Amelia Carpenter, Campus Editor

Miami University senior Tom Hurst has worked in a Pearson Hall laboratory for three years studying rats and mice’s reactions to stress.

Now Hurst has a chance to show off his (college) life’s work at the Society of Neuroscience annual meeting Nov. 15 in San Diego, Calif. with his partner, Meera Seshadri, a graduate student.

“(I’ve been) working in this lab for three years and I finally get to present it internationally,” he said.

The Society of Neuroscience is a nonprofit membership organization of basic scientists and physicians who study the brain and nervous systems, according to the society’s website.

Hurst studies the lactation and hormone release during stress. In the experiments, Hurst and his two colleagues — a Miami alumnus who graduated in fall 2009, Katie McEwen, and Seshadri — caused rats stress by placing them in a container where they cannot move for five minutes. They would then check stress through hormone samples and compare them before and after the rats experienced stress.

The process has made Hurst realize he found his niche. Hurst applied to 10 medical schools and has been accepted to several. He hopes to become a research physician.

“It really showed me how much I enjoyed research,” Hurst said. “It didn’t occur to me how much I want a career in research.”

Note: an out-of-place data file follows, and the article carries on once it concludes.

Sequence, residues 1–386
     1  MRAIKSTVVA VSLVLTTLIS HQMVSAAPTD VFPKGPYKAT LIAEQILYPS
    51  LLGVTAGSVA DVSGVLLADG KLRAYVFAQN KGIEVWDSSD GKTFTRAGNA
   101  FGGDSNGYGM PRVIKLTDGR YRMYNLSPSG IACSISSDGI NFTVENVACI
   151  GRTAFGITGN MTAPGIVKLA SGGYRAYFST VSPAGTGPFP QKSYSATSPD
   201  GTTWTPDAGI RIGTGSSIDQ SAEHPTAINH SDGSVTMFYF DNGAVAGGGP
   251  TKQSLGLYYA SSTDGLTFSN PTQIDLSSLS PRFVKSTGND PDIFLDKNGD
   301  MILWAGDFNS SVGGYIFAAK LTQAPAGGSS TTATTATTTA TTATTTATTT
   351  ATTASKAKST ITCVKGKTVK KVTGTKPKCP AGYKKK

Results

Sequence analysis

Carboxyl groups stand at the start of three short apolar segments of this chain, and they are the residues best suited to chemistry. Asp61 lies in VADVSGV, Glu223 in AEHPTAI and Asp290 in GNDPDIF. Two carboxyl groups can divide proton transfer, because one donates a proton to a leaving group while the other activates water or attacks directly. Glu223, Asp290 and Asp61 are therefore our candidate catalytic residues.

Phyllis Callahan, senior associate dean in the College of Arts and Science and professor in the zoology department, is one of the professors accompanying students to the meeting.

“It’s a really wonderful opportunity for undergraduates particularly,” Callahan said. “It’s an absolutely fantastic opportunity to see the impact of their work in the field.”

Callahan said the students would have the chance to interact with colleagues in the field from other institutions who are presenting the most recent research.

“(There are) results that haven’t been published yet,” Callahan said. “(The students will be) right at the brink of current research. It’s extremely exciting.”

Hurst was meeting with his adviser for Honors and Scholars Advisory Board, who suggested he apply for funding through the Honors Program. The Honors Program and the Department of Zoology is helping to fund Hurst’s trip.

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